KUALA LUMPUR, Jan 7 – The highly infectious Omicron Covid-19 variant may be less severe than the Delta strain, but it should not be categorised as “mild”, said World Health Organization (WHO) director-general Tedros Adhanom Ghebreyesus.
In a press briefing at the WHO headquarters in Geneva yesterday, Tedros said just like previous variants, Omicron is hospitalising and killing people. “In fact, the tsunami of cases is so huge and quick that it is overwhelming health systems around the world,” he said.
In its weekly epidemiological report published the same day, the WHO said global Covid-19 cases increased sharply by a record 71 per cent compared to the previous week, with just under 9.5 million new Covid-19 cases reported.
Tedros said even this was an underestimate as it did not reflect the backlog of testing around the holidays, positive self-tests not registered, and overburdened surveillance systems that miss cases around the world.
By region, the Americas reported the largest weekly increase by 100 per cent, followed by Southeast Asia (78 per cent) and Europe (65 per cent). The African region reported a weekly increase of 22 per cent in the number of new Covid-19 deaths, while all the other regions reported a decrease compared to the previous week.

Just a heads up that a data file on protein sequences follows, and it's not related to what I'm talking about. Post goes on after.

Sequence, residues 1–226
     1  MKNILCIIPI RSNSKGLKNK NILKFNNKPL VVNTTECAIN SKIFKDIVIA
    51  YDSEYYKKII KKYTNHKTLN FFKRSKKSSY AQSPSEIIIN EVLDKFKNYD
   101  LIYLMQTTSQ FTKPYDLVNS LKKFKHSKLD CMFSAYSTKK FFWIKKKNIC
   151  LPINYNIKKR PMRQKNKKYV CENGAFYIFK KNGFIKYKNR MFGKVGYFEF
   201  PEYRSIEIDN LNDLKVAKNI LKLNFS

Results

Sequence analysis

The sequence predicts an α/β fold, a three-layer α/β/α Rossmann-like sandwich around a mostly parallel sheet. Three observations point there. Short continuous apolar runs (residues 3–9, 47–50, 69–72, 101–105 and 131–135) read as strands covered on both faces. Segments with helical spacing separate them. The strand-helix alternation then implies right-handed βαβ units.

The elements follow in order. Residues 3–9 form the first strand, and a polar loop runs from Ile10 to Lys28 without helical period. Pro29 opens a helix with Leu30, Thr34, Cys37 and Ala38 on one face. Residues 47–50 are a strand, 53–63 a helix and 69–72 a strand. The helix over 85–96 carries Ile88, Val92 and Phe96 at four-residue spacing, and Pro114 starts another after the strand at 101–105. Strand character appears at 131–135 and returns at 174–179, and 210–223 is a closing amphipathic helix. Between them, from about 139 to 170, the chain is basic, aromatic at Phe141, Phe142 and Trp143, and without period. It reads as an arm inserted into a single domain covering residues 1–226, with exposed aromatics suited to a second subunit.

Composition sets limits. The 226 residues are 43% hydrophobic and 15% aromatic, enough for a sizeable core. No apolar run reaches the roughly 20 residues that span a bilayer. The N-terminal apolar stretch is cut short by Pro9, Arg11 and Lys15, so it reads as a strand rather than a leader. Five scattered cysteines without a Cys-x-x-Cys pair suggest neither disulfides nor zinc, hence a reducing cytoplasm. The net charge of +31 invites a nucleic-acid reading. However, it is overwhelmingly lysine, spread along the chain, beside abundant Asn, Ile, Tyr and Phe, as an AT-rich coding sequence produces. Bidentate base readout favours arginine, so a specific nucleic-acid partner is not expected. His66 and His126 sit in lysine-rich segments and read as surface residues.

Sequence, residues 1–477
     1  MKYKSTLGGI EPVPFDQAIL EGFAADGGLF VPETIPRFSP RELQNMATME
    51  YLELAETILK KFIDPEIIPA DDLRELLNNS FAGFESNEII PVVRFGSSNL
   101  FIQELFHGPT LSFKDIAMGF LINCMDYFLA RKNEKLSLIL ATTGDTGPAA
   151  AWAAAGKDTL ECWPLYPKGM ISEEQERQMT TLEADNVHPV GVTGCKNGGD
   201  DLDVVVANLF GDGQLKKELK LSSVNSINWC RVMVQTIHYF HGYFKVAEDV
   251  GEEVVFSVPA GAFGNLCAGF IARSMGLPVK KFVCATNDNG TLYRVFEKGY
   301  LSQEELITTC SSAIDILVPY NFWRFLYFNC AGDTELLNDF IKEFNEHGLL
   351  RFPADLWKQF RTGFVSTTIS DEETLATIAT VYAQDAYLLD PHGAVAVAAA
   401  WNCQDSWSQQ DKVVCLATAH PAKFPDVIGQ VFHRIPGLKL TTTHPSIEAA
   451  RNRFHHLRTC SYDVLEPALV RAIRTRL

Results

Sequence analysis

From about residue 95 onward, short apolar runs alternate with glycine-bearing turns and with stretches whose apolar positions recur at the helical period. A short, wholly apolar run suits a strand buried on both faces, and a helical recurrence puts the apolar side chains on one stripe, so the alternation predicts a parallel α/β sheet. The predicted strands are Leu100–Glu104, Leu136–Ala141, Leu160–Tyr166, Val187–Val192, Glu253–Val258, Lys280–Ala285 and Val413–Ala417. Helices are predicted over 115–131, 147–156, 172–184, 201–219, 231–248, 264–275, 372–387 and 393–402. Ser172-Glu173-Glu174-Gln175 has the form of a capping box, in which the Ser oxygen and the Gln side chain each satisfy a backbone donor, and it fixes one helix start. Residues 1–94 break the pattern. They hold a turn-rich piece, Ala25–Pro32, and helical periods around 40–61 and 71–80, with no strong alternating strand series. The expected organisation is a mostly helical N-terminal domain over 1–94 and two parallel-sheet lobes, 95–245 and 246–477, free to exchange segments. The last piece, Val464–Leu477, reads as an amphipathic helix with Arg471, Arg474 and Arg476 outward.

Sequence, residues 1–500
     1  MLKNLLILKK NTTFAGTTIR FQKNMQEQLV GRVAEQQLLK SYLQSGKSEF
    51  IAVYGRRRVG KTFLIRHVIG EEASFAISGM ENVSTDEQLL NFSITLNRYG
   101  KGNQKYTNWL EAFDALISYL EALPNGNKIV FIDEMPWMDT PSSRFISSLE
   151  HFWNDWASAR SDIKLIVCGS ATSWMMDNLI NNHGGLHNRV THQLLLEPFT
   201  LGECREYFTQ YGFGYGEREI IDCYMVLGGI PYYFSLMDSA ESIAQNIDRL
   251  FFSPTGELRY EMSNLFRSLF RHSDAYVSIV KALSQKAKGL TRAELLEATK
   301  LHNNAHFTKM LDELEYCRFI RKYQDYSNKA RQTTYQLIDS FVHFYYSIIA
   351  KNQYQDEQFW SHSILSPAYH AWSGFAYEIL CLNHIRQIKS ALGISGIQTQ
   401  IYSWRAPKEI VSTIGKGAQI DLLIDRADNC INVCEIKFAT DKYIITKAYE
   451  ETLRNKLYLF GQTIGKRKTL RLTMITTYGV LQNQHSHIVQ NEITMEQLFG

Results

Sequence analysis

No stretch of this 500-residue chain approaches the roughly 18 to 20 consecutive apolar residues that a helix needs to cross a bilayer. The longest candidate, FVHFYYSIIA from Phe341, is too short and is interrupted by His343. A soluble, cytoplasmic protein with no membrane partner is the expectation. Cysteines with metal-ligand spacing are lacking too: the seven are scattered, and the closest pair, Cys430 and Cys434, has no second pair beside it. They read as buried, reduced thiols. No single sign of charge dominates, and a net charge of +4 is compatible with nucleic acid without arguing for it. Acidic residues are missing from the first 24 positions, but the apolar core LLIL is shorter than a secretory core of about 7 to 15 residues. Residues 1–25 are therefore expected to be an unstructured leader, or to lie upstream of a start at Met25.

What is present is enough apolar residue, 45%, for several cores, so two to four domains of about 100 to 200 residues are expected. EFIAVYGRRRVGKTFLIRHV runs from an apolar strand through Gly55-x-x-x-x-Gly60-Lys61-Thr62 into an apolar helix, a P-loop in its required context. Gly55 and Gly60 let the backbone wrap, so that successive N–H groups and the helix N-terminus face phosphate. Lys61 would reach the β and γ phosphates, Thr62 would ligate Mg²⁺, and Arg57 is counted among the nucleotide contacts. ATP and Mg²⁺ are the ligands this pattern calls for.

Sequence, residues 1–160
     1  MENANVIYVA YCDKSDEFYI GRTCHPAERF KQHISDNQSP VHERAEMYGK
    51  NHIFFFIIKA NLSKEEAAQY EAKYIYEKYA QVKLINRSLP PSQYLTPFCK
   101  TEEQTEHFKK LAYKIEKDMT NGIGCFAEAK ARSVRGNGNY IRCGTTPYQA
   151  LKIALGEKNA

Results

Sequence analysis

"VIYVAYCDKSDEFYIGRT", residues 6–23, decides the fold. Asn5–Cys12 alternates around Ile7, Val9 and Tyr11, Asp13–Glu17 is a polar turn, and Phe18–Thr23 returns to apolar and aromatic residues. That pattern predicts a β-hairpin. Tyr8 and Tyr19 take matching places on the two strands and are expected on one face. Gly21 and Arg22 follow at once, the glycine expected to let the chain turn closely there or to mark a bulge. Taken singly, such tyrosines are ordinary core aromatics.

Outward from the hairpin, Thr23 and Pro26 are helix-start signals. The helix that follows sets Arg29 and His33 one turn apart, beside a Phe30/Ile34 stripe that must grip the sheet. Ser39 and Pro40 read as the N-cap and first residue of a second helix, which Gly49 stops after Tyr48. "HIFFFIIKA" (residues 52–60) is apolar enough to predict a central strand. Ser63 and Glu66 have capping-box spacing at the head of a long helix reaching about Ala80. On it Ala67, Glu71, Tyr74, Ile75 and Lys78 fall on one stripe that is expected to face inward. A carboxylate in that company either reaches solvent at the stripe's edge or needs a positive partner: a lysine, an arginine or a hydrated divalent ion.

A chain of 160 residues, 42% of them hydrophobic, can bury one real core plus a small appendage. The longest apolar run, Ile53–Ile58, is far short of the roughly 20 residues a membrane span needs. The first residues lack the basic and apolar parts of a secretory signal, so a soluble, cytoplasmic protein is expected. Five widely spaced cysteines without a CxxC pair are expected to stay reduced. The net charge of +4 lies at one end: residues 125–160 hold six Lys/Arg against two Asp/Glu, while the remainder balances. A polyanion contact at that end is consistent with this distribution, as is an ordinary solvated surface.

Global coronavirus deaths fell 10 per cent to 41,000 for the week between December 27, 2021, and January 2, 2022. As of January 2, a total of nearly 289 million cases and over 5.4 million deaths have been reported globally.
Tedros said hospitals are becoming overcrowded and understaffed, which further results in preventable deaths from not only Covid-19, but other diseases and injuries where patients cannot receive timely care.
He further stressed that while first generation coronavirus vaccines may not stop all infections and transmission, they remain highly effective in reducing hospitalisation and death from the virus.
Public health social measures including the wearing of well-fitting masks, social distancing, avoiding crowds, and improving and investing in ventilation are important for limiting transmission, Tedros added.
The WHO’s Covid-19 technical lead Maria Van Kerkhove said it was “very unlikely” that Omicron would be the last variant of concern before the pandemic is over. Van Kerkhove urged people to step up the measures they were already taking to protect themselves in facing the more transmissible Omicron variant.
Tedros repeated his call for greater equity globally in the distribution and access to Covid-19 vaccines.
“The essence of the disparity is that some countries are moving toward vaccinating their citizens a fourth time, while others haven’t even had enough regular supply to vaccinate their health workers and those at most risk,” he said.
Based on the current vaccine rollout rate, 109 countries will miss the WHO’s New Year target for 70 per cent of the world’s population to be fully vaccinated by July.
“Booster after booster in a small number of countries will not end a pandemic while billions remain completely unprotected,” Tedros said.
Last year, the WHO chief said the world will have enough doses of the vaccine in 2022 to jab the entire global adult population – if Western countries do not hoard vaccines to use in booster programmes.